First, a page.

Afghanistan: Mural unveiled to celebrate International Women's Day

Amnesty International today unveiled a mural in Afghanistan’s capital Kabul to celebrate the remarkable achievements of the country’s women.

The mural depicts Afghan women protesting for their rights, demanding equality and raising their voices for justice. It has been painted as part of Amnesty’s Brave campaign to promote the rights of human rights defenders.

Samira Hamidi, South Asia campaigner at Amnesty International, said:

“Afghan women are famous for their resolve and we are celebrating that this International Women’s Day.

“Despite more than 17 years of conflict, they have made remarkable strides. They are lawyers, doctors, judges, teachers, engineers, athletes, activists, politicians, journalists, bureaucrats, run their own businesses, and are in the ranks of the military and police.

“These hard-won advances must not be rolled back at any cost. Women have been at the forefront of the calls for peace in Afghanistan. But there can be no peace process worthy of the name that excludes women or compromises on their rights. Afghan women cannot be ignored or silenced.

“It is crucial that Afghanistan builds on the limited but important gains made on women’s rights so that we are able to confront the many challenges that remain.”

Important human rights gains

Under Taliban rule, women’s rights were violated with impunity. Women were not allowed to freely exercise their human rights, including the rights to freedom of movement, to education, and to work.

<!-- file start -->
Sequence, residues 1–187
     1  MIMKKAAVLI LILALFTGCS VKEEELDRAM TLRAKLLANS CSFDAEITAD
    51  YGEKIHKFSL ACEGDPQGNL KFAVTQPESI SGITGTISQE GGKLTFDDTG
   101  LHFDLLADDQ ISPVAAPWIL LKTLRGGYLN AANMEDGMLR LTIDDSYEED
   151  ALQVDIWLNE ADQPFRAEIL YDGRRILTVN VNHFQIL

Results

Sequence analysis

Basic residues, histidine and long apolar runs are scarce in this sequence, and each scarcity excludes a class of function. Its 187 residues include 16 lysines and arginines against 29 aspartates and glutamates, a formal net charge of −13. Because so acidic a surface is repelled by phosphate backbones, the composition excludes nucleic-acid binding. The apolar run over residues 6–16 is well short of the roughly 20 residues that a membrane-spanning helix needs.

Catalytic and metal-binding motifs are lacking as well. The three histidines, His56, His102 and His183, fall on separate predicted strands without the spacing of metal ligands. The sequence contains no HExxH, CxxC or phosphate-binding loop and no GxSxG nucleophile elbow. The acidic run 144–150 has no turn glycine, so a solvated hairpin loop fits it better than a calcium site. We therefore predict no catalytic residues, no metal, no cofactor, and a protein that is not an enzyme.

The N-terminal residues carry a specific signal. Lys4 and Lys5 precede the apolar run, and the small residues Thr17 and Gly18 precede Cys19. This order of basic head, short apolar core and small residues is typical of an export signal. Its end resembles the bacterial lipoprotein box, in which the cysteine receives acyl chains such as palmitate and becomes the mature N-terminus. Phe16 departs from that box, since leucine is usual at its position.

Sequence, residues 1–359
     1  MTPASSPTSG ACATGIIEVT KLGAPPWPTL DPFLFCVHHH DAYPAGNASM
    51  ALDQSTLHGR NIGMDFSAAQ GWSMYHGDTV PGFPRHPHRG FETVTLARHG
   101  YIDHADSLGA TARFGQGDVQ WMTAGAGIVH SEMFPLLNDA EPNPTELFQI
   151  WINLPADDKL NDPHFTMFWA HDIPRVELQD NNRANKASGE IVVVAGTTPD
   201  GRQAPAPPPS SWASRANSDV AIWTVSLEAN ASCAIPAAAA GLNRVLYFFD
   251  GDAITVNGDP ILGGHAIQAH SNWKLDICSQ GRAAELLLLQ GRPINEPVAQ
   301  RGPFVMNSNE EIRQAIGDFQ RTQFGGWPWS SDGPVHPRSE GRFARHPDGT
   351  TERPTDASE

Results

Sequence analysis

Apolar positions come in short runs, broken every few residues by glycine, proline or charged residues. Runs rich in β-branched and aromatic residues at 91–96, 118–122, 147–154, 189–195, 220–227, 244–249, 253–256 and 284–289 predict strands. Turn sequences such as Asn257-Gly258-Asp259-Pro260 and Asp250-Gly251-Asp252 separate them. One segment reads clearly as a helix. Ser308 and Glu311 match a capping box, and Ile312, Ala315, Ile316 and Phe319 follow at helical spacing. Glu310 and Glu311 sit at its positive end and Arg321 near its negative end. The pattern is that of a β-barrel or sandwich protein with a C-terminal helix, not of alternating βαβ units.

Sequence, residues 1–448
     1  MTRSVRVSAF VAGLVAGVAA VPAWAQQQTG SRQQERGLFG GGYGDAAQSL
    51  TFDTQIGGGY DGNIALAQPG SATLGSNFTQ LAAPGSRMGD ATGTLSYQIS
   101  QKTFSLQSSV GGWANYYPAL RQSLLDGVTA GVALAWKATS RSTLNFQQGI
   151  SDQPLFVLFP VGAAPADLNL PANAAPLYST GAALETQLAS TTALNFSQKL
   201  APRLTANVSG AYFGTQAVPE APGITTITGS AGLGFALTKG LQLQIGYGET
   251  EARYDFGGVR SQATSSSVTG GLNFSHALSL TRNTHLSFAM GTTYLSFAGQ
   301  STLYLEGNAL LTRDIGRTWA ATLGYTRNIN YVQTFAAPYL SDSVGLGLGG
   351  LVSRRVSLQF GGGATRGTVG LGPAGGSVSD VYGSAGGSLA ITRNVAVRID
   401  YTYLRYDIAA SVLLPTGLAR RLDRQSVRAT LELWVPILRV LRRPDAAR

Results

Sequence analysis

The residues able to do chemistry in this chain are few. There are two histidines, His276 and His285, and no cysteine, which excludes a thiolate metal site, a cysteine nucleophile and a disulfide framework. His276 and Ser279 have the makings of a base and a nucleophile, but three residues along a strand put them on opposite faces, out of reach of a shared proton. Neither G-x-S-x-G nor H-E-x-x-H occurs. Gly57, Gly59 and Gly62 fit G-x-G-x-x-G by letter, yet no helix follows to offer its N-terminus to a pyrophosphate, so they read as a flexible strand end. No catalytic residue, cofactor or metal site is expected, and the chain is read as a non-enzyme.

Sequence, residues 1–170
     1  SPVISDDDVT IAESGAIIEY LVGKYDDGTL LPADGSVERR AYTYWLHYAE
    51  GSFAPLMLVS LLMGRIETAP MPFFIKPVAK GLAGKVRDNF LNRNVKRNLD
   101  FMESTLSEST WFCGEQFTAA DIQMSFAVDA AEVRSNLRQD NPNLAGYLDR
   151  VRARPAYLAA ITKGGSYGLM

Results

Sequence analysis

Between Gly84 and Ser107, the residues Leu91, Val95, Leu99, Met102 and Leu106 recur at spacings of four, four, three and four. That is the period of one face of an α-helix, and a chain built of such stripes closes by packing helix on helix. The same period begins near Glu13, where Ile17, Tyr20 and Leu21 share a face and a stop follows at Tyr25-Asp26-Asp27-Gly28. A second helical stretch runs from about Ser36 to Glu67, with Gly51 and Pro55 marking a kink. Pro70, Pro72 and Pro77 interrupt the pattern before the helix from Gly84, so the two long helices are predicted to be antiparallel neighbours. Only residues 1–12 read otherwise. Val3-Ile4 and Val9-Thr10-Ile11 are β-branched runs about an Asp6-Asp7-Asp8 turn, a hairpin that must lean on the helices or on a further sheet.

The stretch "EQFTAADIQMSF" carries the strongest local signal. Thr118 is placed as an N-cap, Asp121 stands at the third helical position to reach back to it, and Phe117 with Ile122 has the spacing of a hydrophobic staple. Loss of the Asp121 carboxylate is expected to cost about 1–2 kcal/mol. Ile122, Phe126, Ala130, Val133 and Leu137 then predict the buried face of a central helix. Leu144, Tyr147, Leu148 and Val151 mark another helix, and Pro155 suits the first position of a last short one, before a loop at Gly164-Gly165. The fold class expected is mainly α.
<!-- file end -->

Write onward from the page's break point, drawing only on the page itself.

Now, there is a dedicated Ministry of Women’s Affairs, with departments throughout the country at provincial levels. Afghanistan also has an Independent Human Rights Commission chaired by a renowned woman human rights defender, Sima Samar. Women also constitute 27 per cent each of parliament and the civil service.

In 2009, Afghanistan passed the law on Elimination of Violence Against Women, after a hard-fought struggle led by women human rights defenders. The law, which fell into disuse after parts of it were absorbed into Afghanistan’s revised Penal Code, was reaffirmed by President Ashraf Ghani in March 2018.

Enduring challenges

Despite these advances, Afghan women continue to endure great challenges when it comes to their human rights.

A United Nations Assistance Mission in Afghanistan (UNAMA) report last year found that there are worryingly few prosecutions of violent crimes against women. More than half of the 237 cases monitored by UNAMA between 2015 and 2017 were instead referred for ‘mediation’ - in violation of the Elimination of Violence Against Women law.

The UNAMA report also found that in 280 murders of women, there were convictions in only 50 cases. Most of the cases were not even heard by the courts.

In December 2018, members of Afghanistan’s women’s football team came forward to speak out against the sexual assault and harassment they suffered. At the time, Hafizullah Rahimi, the head of Afghanistan's Olympic committee, said: “Sexual abuse does exist, not only within the Football Federation but in other sports federations as well. We have to fight it.” An investigation is currently underway.

Since peace talks between the USA and the Taliban have begun, there has been extremely limited participation of women and no serious discussion on women’s rights.

This is the second mural that Amnesty International has unveiled in Kabul as part of its Brave campaign. The first mural was consecrated to the memory of journalists who have been killed doing their jobs, depicting the famous Afghan photographer Shah Marai of Agence France Presse.

Brave campaign

Around the world, attacks against ordinary people who stand up for freedom, justice and equality are surging. Amnesty’s Brave campaign is calling on the UK Government to make supporting these human rights defenders a priority.

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